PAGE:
Two months ago a concert of David Bowie's music was announced - Famous fans would sing Bowie's songs at Carnegie Hall in New York City in March. Club owner Michael Dorf had intended the show - the tickets for which would raise money for arts education - as a tribute to a living legend. But the day of the announcement, Bowie died at age 69 and the concert was quickly recast as a celebration of a musical life cut short. The timing, said Dorf, of City Winery, led to an outpouring of "fellow artists wanting to show their respect and »
- Allison Adato
Daniel Mays, 37, grew up in Epping, Essex, and trained at the Italia Conti Academy and Rada. Not long after graduating, he was cast by Mike Leigh in All Or Nothing and later as Imelda Staunton’s cocky son, Sid, in Vera Drake. His impressive list of screen credits, including roles in Atonement and Made in Dagenham, Red Riding and Ashes to Ashes, is matched by an equally weighty stage CV – Mays has appeared in six productions at the Royal Court. He stars alongside Timothy Spall in Harold Pinter’s The Caretaker at the Old Vic from Tuesday 29 March.
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- Killian Fox
The Horror Channel has an Easter treat for fans of Hammer films, as their UK-only Hammer-thon will air March 26th and 27th. Also in this round-up: release details for The Ones Below, a trailer for The Cleansing Hour short film, eight preview pages from Monster World #3, and information on The Last American Horror Show.
Some of Hammer’s most popular films, including The Revenge Of Frankenstein, The Devil Rides Out and The Brides Of Dracula will be broadcast across the weekend from 3pm – 10pm on Saturday 26th and Sunday 27th March.
- Tamika Jones
Daniel Mays, who also starred in ITV’s Mrs Biggs and BBC1’s Ashes to Ashes, and as Private Walker in the new film version of Dad’s Army, said the industry was awash with actors and writers educated at public school.
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- John Plunkett
British thesps David Morrissey ("The Walking Dead," "State of Play") and Keeley Hawes ("Ashes to Ashes") will team with the returning Tcheky Karyo for the second season of Starz and BBC One's mystery drama "The Missing".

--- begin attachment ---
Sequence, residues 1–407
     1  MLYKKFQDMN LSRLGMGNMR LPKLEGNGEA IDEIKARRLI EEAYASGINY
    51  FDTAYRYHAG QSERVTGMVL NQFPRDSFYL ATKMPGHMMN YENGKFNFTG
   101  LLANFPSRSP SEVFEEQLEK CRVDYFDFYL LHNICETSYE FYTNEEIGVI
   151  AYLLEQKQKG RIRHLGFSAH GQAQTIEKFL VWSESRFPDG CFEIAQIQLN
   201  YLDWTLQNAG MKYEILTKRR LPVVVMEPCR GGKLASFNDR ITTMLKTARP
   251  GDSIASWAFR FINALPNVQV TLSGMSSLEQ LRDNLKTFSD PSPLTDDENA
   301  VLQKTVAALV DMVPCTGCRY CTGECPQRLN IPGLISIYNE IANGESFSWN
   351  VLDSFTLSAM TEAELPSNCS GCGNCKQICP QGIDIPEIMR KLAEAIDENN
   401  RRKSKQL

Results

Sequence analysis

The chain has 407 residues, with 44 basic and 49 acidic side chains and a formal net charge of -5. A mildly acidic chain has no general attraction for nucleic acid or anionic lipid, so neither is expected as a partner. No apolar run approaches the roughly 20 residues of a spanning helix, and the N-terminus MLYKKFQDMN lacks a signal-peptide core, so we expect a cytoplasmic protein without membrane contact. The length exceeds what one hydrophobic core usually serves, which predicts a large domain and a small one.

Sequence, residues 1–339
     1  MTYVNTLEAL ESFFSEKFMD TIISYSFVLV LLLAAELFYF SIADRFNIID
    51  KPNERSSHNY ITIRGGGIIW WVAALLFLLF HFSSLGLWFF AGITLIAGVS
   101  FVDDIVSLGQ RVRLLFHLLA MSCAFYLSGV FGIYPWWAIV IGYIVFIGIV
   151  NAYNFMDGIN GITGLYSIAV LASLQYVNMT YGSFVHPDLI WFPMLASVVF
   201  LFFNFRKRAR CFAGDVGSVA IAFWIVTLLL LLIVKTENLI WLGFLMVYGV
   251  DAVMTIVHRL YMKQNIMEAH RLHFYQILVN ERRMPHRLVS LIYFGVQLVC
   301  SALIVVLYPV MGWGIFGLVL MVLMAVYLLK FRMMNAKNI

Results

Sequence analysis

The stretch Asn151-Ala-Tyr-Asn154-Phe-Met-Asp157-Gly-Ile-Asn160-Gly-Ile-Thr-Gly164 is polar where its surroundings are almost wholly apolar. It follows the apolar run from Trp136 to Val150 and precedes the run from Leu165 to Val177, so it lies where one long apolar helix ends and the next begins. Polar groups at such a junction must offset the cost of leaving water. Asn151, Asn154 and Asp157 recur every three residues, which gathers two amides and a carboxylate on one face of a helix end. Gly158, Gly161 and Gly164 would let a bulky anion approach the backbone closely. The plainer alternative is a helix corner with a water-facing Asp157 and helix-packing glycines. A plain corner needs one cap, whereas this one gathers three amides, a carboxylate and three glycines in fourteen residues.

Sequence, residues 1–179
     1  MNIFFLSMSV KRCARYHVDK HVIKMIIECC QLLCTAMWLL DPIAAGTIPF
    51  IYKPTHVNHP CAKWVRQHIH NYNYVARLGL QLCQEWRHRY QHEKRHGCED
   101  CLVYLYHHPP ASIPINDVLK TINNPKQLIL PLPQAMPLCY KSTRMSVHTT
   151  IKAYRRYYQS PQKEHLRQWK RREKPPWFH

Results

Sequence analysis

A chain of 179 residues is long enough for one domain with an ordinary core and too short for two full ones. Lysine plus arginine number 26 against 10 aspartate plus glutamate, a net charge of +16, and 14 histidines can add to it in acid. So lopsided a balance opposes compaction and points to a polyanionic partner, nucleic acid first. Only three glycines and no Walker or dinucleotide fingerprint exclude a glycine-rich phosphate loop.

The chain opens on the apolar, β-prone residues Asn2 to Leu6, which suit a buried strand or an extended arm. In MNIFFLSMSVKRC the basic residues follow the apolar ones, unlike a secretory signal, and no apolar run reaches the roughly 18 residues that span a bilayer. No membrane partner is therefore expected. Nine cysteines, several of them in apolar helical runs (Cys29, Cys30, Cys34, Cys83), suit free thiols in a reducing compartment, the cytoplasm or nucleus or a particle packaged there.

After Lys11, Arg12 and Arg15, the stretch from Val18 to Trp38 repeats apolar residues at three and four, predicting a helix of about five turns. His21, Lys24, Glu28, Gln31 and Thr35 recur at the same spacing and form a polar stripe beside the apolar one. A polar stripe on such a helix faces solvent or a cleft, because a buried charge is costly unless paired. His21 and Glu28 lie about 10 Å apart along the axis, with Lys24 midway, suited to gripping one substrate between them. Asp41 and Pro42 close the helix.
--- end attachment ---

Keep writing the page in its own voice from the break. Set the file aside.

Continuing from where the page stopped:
The anthology series thriller will return for eight episodes with a new case, a new location, and new characters aside from Karyo's Julien Baptiste. Harry and Jack Williams return as scribes while Ben Chanan ("The Last Kingdom") is slated to direct all eight episodes.
Morrissey and Hawes play a couple whose daughter Alice went missing in 2003. Eleven years later, a young British woman stumbles through the streets of her German hometown and collapses. Told in dual timelines, unfolding between 2014 and the present day, we see how her family are thrown back into a turmoil that threatens to tear them apart at the seams.
- Garth Franklin
Tilda Swinton told personal stories of her teenage Bowie obsessions while introducing The Man To Fell To Earth at a Berlinale Special screening on Friday night.
She said she took the stage “on behalf of all of us fanboys” and thanked Berlinale director Dieter Kosslick for planning this tribute to Bowie, who died on January 10. “Dieter has done what we’ve wanted someone to do for a month, which is to give an opportunity for us all to be together and sit in the dark and look at the leader of our tribe.” Swinton appeared in Bowie’s The Stars (Are Out Tonight) video in 2013.
She added, “It’s only the Berlinale that would be doing this, it’s a cultural moment. “
- email@example.com (Wendy Mitchell)
London — A collection of Neil Gaiman’s short stories are set to be produced in a new four-part adaptation for Sky Arts, the channel has confirmed.
“Likely Stories” is produced by Sid Gentle Films and will be directed by Iain Forsyth and Jane Pollard, the duo behind Nick Cave docu “20,000 Days on Earth.” Jarvis Cocker will score the four 30-minute stories, which will topline George MacKay (“Pride”), Tom Hughes (“The Game”), Johnny Vegas (“Moone Boy”), Kenneth Cranham (“Maleficent”) and Rita Tushingham (“Doctor Zhivago”).
The “dark and strange” London-set tales will center on the act of storytelling in a world that moves seamlessly between reality and fantasy. Gaiman will appear in each story in an “unusual way,” with subtle nods to his wider work that will appeal to his fanbase.
The four adaptations are titled “Foreign Parts,” a story of identity, ghostly tales “Feeders & Eaters” and “Closing Time” and the life-spanning story “Looking for the Girl. »